Tuesday, February 17, 2015

Very sad news (re. Marvin Chirelstein)

I was greatly saddened to hear today of the death of Marvin Chirelstein.  Marvin was my tax (and Corporate Finance) professor at Yale Law School back in the day – I never took a course with Bittker, who was reputed to dislike having to deal with students’ vastly lesser state of intellectual attainment (both in tax and generally) than his own.

My intellectual inspiration in tax didn’t really come from Marvin – mainly through my own fault; at that stage I wasn’t very receptive to the Yale law professors’ intellectual interests.  Combination of burnout (I had gone straight through from nursery school to law school without a break) with disdain, at that callow stage in my personal development, for non-Ph.D. academic disciplines (I had planned until late junior year to go to history grad school).  But he had very few peers at the time in tax law scholarship.

Marvin was, however, by far my favorite professor at YLS.  I (along with all of my best friends among the students there) admired his humor, personality, and panache as a performer (if panache, rather than anti-panache, is the word for his brilliantly low-key comic style).  We all thought he was extremely cool - not an accolade that we extended, at the time, to many YLS faculty members, or, for that matter, to many people who were older than, say, John Lennon and Bob Dylan.

Word had it that he had been associated with the people in the Second City Theater Group in Chicago during the Nichols and May era, but didn’t formally join the troupe due to stage fright.  I honestly don’t know if that was true.  But he used to pace around nervously before class, sucking on a cigarette and narrowing his eyes, very much in his own head like a performer getting ready.  And, true or not, it was credible, because he was so hilarious in his distinctive style.  I thought of him, at the time, as a combination of Humphrey Bogart and Rodney Dangerfield.  I might now add, also with a touch of Stephen Wright.

Here is another story I heard about Marvin at the time, which I doubted was true but actually did later confirm.  Supposedly, when he was a student at the University of Chicago Law School, taking tax with my own subsequent mentor Walter Blum, two things became clear to Walter.  The first was that Marvin was intellectually gifted, and the other was that he was cutting a lot of classes, apparently because he detested the early morning meeting time.  Walter called Marvin into his office to discuss this, and Marvin made him the following offer: “How about you let me attend or not as I see fit, and if I get at least an A- on the exam you give me an A, but if I don’t, you fail me / lower my grade to a C” [I forget which].  I assumed that this story couldn’t actually be true, but when I asked Walter about it years later, he confirmed it.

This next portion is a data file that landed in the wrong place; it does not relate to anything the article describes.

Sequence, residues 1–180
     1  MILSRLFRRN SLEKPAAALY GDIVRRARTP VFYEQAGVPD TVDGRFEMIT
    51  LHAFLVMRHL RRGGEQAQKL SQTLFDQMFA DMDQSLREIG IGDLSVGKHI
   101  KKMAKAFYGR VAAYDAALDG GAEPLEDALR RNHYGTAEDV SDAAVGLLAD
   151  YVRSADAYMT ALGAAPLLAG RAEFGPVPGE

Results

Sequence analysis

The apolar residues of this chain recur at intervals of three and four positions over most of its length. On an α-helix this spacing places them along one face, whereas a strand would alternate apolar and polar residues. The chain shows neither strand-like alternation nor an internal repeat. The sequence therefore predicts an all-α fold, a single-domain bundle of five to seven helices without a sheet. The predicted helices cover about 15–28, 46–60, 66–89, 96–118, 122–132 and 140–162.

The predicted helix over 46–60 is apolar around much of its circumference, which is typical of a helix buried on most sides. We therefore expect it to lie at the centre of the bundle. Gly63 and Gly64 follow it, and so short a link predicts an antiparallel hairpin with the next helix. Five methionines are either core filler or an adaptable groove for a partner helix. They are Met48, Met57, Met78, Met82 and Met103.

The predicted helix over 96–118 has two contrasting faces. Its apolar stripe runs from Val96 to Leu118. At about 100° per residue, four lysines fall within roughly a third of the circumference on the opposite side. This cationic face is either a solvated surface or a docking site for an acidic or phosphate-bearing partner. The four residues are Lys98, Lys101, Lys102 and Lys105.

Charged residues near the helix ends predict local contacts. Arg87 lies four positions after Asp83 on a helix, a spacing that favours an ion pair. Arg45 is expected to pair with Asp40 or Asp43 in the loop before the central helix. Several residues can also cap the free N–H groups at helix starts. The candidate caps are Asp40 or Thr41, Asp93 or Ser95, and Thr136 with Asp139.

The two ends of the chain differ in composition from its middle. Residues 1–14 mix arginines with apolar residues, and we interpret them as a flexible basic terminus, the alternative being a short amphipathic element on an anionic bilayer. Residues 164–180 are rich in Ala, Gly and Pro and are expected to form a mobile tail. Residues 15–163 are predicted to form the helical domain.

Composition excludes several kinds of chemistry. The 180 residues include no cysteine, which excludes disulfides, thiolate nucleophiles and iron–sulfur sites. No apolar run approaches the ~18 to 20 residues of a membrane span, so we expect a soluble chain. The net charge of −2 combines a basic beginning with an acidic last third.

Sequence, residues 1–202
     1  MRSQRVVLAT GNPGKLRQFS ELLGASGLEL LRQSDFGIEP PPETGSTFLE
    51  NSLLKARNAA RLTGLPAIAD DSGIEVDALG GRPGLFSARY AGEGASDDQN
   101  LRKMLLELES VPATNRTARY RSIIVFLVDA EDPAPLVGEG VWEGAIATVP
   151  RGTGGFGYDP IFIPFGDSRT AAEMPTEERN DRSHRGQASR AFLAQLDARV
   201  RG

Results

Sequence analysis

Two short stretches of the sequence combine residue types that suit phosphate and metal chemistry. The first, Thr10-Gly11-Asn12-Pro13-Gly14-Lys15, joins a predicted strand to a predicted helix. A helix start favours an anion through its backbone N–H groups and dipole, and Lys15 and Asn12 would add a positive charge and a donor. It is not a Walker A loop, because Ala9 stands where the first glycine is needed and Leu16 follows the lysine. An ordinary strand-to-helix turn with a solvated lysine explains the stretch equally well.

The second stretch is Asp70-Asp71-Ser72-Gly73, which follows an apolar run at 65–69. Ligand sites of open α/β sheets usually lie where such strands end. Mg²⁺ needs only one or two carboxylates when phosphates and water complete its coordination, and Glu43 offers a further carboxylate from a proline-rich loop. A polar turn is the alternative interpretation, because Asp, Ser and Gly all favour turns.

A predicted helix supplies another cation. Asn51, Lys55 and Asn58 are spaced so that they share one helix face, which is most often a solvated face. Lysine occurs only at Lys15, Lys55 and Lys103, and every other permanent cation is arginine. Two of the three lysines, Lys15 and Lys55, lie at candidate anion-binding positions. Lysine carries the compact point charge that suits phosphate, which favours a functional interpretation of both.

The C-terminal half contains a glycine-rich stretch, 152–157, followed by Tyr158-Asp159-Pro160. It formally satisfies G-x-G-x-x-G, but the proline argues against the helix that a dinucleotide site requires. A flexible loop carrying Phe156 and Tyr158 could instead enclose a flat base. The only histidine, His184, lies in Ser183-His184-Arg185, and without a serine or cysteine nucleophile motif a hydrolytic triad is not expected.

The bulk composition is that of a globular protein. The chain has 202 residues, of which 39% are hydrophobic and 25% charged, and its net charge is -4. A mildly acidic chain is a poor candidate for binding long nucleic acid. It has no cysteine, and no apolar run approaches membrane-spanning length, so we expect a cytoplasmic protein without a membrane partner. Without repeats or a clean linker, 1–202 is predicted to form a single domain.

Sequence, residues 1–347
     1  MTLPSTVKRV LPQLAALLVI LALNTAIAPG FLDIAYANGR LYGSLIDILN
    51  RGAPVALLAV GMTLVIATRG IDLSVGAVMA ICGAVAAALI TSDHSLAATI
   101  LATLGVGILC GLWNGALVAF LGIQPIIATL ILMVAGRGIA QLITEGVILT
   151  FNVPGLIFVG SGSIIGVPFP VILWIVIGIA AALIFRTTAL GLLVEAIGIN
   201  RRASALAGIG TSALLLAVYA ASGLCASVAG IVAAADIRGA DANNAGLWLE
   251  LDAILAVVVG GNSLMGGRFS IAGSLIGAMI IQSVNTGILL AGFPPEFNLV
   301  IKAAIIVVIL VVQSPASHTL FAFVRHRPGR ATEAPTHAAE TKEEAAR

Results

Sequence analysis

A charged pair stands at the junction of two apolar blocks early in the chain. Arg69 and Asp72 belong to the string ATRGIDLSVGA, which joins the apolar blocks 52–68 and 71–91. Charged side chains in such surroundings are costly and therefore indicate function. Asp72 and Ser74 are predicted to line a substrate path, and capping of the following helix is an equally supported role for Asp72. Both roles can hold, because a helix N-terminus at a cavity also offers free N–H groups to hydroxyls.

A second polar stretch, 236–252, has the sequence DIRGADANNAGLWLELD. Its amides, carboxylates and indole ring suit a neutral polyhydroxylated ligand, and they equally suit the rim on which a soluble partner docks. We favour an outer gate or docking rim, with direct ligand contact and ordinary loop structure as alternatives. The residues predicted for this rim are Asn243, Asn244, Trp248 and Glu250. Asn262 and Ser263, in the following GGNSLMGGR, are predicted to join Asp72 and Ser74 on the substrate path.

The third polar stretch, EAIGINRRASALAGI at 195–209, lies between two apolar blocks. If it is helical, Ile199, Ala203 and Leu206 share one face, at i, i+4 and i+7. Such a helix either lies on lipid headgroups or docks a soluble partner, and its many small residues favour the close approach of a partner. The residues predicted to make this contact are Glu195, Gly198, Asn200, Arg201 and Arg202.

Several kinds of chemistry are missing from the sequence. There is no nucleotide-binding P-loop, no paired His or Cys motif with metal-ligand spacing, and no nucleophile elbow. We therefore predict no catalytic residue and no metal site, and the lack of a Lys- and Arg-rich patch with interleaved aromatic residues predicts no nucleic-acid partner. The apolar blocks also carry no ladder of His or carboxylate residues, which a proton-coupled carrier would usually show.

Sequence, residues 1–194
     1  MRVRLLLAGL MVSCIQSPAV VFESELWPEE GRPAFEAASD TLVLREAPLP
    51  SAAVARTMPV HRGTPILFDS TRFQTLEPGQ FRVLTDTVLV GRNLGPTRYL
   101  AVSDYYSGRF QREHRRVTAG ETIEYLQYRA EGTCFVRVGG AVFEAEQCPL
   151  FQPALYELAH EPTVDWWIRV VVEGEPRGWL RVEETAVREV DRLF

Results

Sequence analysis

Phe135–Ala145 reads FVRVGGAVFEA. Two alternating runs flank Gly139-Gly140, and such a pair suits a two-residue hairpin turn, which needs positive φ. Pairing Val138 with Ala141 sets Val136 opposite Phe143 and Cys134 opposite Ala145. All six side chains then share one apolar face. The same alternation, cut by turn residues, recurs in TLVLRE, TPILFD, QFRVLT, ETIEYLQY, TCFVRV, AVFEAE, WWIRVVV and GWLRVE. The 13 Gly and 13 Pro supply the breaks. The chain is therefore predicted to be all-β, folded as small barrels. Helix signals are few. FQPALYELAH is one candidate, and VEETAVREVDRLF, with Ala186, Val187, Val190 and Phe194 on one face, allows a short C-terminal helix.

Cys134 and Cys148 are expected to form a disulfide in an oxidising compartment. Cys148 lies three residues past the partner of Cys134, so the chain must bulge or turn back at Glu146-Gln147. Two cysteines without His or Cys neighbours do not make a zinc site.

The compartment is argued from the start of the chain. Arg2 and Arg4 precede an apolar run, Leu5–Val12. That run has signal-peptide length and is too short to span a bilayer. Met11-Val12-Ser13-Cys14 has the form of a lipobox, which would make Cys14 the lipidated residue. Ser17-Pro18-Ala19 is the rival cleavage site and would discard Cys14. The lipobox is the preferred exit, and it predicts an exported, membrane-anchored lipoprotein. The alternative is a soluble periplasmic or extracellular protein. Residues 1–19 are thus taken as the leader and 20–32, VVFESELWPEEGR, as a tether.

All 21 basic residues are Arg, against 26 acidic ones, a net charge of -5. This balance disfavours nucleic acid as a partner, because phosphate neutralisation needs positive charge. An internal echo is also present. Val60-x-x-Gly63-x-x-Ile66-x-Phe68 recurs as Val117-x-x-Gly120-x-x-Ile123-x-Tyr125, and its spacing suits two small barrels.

Here are a few examples of Marvin’s comic style in class.  Disclaimer: You had to be there, it was a totally personal style that worked via his delivery and the character he played.

1) Marvin: “Feldman, this case says something about ‘old and cold.’  What’s the opposite of ‘old and cold’?

Student: “Uh, hot and fresh?”

Marvin.  “Hot and fresh … hot and fresh … I would have said young and warm.  Shame on you, Feldman.  You’re thinking about bagels.”

2) Student in the back: “Can you speak up?  We can’t hear you.”

Marvin: “Sometimes people don’t speak softly because they’re unaware.  Sometimes it’s because they’re so ashamed of what they’re saying.”

3) [To a student]: “Would you be able to defend this transaction?  … For a fee, of course.”

4) [Discussing a case that was decided in 1935.]  “Ah, 1935.  The best year of my life.  The Cubs won the pennant, and a boxer from my hometown became middleweight champion.”  He followed this with a toneless little laugh.  What made this funny, to Chirelstein aficionados such as myself, was the implicit suggestion that the point wasn’t that these things were so great, but rather that the rest of his life was so completely lacking in anything better.  But I should note that we didn’t think he was actually unhappy - rather, it was the character he played, like Jack Benny pretending to be cheap.  Indeed, if anything we figured he had to be confident and secure in his life, in order to be willing to pretend that he felt pathetic.